Family involvement, corporate governance and dividends in Turkey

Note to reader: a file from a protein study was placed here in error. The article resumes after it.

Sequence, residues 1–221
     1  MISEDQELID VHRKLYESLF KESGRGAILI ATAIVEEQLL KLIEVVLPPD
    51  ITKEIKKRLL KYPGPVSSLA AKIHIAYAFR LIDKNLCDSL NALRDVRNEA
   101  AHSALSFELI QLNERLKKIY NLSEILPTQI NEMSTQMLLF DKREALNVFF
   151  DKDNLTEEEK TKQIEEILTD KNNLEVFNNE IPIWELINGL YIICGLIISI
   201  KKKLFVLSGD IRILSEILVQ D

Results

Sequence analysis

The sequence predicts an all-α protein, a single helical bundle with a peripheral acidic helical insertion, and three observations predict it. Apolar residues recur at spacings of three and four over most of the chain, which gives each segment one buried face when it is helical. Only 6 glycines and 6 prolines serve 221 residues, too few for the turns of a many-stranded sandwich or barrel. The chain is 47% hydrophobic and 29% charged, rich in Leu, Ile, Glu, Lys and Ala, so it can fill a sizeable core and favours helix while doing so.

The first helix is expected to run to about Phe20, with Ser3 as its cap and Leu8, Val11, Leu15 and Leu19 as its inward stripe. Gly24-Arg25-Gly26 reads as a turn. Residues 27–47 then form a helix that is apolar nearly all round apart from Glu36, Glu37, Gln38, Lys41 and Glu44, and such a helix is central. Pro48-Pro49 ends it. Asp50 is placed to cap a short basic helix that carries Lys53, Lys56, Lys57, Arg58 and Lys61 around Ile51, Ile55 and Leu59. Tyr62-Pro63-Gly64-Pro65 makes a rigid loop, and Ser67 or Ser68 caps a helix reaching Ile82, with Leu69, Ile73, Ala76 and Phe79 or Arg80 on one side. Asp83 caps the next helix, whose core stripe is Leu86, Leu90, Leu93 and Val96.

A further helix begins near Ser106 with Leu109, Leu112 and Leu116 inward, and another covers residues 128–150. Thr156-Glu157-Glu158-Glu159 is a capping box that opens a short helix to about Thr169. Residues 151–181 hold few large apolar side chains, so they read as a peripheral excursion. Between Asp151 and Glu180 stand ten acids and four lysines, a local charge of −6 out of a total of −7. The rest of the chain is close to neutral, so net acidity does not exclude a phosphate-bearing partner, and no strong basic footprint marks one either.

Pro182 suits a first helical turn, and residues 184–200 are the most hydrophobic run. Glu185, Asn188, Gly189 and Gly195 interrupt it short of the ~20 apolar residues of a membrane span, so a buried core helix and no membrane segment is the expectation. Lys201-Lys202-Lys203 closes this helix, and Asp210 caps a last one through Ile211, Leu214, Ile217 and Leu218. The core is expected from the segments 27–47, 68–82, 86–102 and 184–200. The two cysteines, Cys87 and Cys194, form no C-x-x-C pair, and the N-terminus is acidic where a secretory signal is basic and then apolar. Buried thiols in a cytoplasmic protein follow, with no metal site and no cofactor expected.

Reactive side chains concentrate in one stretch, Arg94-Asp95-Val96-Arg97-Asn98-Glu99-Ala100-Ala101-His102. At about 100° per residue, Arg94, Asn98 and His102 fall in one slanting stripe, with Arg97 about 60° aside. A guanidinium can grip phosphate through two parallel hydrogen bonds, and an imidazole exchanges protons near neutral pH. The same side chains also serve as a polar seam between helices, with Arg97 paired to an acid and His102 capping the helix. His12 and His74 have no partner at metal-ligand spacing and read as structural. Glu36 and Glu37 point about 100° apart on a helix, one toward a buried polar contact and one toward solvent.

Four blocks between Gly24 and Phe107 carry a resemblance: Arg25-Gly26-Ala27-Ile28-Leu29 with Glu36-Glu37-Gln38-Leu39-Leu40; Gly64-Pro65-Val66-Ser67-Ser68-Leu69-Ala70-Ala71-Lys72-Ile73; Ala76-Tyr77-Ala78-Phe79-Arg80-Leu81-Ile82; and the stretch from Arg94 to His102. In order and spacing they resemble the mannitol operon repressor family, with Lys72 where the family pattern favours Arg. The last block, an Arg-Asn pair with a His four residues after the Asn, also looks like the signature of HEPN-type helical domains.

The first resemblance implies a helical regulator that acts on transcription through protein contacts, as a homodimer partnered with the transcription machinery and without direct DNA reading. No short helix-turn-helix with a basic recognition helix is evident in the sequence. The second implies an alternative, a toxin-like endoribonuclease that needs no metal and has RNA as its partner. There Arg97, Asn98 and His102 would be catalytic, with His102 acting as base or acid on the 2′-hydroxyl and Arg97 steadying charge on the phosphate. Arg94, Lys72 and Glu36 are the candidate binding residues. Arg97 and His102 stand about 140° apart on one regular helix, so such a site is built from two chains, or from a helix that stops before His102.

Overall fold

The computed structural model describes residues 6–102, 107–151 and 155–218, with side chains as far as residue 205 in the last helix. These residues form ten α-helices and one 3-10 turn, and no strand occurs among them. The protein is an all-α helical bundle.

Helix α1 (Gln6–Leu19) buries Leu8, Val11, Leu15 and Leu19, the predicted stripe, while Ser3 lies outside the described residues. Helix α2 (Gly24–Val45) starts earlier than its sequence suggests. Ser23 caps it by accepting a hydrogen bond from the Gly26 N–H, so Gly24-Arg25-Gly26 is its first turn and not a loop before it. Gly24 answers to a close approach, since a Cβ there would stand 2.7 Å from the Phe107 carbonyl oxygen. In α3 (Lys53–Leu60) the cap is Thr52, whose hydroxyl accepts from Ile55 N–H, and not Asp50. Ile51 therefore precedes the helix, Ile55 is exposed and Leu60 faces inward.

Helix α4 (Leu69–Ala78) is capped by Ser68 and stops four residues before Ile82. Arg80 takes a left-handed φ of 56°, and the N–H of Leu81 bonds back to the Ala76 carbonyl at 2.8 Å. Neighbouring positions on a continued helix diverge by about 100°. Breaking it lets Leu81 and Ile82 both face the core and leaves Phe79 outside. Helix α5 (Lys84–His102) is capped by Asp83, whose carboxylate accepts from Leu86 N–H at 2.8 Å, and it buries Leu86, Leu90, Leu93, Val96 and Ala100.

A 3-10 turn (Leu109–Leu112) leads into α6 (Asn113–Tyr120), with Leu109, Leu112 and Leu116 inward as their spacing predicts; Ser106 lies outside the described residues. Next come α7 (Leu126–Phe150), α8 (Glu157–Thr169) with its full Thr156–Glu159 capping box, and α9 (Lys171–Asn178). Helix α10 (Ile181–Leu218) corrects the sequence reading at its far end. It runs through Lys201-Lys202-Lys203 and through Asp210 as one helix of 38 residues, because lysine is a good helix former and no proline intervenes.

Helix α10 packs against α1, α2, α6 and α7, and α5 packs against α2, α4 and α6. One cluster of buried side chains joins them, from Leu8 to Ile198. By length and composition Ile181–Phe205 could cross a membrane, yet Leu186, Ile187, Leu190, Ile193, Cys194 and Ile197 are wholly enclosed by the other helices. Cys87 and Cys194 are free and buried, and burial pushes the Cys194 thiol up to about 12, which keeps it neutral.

Purpose: The purpose of this paper is to investigate the relationship between dividends and family involvement as well as corporate governance characteristics among Turkish public firms. Design/methodology/approach: Using panel data on Turkish firms listed on the Borsa Istanbul 100 index for 2006–2014 three models are estimated. For the first two models where the dependent variables are the dividend payout ratio and dividend yield respectively tobit regressions are run. The last model which employs a dividend dummy as the dependent variable is estimated with logistic regression. Findings: There is a positive and concave relationship between family ownership and dividends. The existence of a family chairman reduces dividends. There is a positive association between board size and dividends and this relationship is weaker for firms with higher levels of family ownership. Finally the ratio of independent directors on the board is negatively associated with dividends. Practical implications: The findings imply that firms with substantial family ownership and active family participation in management are more likely to send a negative signal to minority shareholders by paying lower dividends. In addition minority shareholders should pay attention to the board structure of firms in which they invest. Originality/value: This study is one of the few to analyze the nonlinear relationship between family ownership and dividend payments as well as the role of family management in a developing country. Second it investigates the role of board characteristics in explaining dividend payment decisions. © 2019 Emerald Publishing Limited.